And, you know, we're putting that number up on the screen, 7 million customers without power. That doesn't tell the story. The southeast, there are 15 million human beings without power right now, and that includes not just Florida, but also Georgia, Alabama, the Carolinas, you know, as this storm has moved up the coast. That's the power story.

The destruction story really in the Florida Keys. Our Bill Weir rode out the storm in Key Largo and now is on a boat heading south giving us just an amazing perspective of the scene there.

Bill, what are you seeing?


Yes, we finally made it down here to lower Matecumbe Key. And this is where sort of the dirty edge of the storm, that northeast edge of the storm slammed ashore. We're a little far away for you to see, but I'm trying to look through the glass and it looks like some of the fishing boats, some of the yachts that were lined up there took some hits. There's some trees down. We saw a boat moving around just a moment ago. That's a good sign that there's people down here and they're able to free them.

But look at this. If you look at this water, first of all, this is a picture-perfect day in the Florida Keys if not for what we're experiencing here. This is the kind of day fishermen and divers dream of, with one exception. You see how this water looks like -- looks like dirty dish water. On a day like this, it would be 100 percent visibility. And you could see the tarpon swimming around in here. They got, you know, the Mahi Mahi and dolphin fish over on the Gulf Stream side.

But as we're motoring in here, man, you can feel -- it's just an eerie sense to come ashore in places we haven't seen yet. You're sort of cringing with anticipation as to what we might find.

But this is well beyond the drivable stretch of The Keys. They're allowing people down to mile-marker 73. Any idea, captain, what mile- marker we would be at here?

UNIDENTIFIED MALE: We're at like 73.

WEIR: We're at 73, OK.

All right, so, yes, so they can drive up to here, but no further south and west.

These are some, as you can see, some really impressive homes and with that price tag comes some sturdy construction. So I see some roofs are intact. Not the case -- oh, dolphins. You see these dolphins right in front of us. That just -- you'll see the dorsal fin.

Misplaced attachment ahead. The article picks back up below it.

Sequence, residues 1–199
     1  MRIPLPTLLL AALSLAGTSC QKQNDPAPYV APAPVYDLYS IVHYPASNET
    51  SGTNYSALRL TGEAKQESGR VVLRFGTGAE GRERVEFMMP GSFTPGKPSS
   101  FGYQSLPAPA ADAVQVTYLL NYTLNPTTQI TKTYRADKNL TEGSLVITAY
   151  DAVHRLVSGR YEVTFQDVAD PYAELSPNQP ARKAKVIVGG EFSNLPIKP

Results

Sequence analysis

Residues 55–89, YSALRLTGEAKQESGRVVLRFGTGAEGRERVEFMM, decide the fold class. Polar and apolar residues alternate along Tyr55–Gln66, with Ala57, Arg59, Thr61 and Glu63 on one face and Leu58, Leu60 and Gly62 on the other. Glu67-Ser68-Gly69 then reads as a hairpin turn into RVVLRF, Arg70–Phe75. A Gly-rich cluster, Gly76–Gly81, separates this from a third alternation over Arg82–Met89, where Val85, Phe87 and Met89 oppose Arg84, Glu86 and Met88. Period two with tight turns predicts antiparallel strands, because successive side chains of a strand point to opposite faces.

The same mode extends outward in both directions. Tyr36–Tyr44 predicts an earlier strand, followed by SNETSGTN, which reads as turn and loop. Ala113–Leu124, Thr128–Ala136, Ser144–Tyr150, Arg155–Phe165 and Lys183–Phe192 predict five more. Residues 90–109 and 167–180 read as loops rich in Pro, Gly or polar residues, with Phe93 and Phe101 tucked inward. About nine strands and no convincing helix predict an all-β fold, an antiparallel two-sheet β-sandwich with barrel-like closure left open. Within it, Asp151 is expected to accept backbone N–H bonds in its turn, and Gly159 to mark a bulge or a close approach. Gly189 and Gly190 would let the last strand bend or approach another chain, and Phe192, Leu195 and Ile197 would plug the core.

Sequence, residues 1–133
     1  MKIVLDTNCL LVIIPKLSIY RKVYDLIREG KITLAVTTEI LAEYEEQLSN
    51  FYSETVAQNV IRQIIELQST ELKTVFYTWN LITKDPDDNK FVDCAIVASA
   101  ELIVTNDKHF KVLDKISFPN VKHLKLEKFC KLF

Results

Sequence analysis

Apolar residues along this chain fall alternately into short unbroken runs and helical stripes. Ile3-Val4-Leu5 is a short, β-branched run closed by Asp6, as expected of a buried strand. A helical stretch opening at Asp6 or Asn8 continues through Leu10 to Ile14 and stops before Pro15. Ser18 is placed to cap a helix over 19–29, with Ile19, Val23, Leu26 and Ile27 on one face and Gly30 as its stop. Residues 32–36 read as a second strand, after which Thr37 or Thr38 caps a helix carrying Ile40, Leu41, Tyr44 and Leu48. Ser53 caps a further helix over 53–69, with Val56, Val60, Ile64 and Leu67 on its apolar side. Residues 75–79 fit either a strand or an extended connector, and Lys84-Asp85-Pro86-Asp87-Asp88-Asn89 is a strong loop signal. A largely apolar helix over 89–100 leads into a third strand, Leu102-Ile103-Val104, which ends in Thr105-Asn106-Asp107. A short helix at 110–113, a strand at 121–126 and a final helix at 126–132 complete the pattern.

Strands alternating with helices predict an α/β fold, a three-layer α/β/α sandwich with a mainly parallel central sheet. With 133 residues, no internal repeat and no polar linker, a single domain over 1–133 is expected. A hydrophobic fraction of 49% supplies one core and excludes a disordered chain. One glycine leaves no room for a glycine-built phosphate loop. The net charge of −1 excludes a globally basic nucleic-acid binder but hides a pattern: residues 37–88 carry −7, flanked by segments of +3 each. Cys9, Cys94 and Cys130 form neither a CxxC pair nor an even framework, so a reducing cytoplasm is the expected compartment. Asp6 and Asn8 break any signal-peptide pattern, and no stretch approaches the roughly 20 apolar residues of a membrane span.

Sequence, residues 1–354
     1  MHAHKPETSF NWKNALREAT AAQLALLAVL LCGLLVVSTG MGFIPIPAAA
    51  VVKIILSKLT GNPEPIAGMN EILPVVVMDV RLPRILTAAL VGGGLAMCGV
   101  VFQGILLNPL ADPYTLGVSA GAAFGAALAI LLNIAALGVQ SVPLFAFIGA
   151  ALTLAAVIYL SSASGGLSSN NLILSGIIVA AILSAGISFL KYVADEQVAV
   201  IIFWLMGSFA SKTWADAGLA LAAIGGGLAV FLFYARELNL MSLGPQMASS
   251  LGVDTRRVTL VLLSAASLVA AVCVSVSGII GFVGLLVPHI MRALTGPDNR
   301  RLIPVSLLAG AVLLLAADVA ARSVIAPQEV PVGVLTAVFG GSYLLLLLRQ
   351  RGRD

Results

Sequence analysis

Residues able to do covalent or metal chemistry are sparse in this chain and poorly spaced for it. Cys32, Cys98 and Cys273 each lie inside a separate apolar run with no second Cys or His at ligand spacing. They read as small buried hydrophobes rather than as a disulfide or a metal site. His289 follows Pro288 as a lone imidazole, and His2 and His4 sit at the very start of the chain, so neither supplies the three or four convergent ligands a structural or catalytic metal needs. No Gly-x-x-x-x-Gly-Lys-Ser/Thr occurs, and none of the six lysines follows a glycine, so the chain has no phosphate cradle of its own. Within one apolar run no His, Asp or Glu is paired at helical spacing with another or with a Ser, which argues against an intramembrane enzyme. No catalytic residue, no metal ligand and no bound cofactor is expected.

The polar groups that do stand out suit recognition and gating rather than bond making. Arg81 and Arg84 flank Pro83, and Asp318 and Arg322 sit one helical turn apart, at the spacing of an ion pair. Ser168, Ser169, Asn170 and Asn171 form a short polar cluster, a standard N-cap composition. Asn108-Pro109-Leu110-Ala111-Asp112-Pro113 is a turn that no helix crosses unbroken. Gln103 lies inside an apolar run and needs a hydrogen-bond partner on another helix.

WEIR: There's one to the left there. Oh, gorgeous. Oh, they're right in front of us. Three of them. Three of them just popped up, the dorsal fins.

Hey, guys. Glad you survived. It's beautiful.

Yes, it's so crazy to think that this sea is the same one that caused so much destruction. It is paradise today.

We're coming up close here. I'm seeing some downed trees, but at this point, nothing too startling. And we did see some proof of life. Somebody moving around in a boat a second ago.

So as I was saying, they're letting folks in up north, up in Key Largo and Tavernier and Islamorada as long as you are a resident and can prove it. And that's such good news for people who need a community to pull together. You need the hardware store to open so you can, you know, get the tools to clear your property and start rebuilding.

You need food, obviously. There was one place open in Key Largo, Tower of Pizza, and people were crying with relief as they were served sandwiches and pizza, which was such a creature comfort after days without any power, without any food.

So, yes, take a look over here, guys. We can -- we're starting to see a lot of tree damage. The big pines that are endemic to this part of The Keys, you can see, you know, on the storm side of them have been stripped away.

Wow, look at this. This one's coming down. But this is, you know, this is landscaping. This is -- it could be so much worse. If you've seen the pictures coming out of Cuba and other parts of the Caribbean where it looks like a bomb site. There's somebody's --


WEIR: Port Antigua, I'm told by Captain Bam Bam is where we are now.


WEIR: Oh, yes. Now we can get a look into the backyards.

BERMAN: Hey, Bill -- hey, Bill, can you still hear me?

I think we may have lost -- I think we lost Bill Weir there, which is too bad. Getting a remarkable, a remarkable tour from the water of the Florida Keys right now. He thinks he's at about mile 73 on the water side. On the roadside, you cannot get past that point. So he's past the point where you can get to by driving right now. So this is the only way we can see that.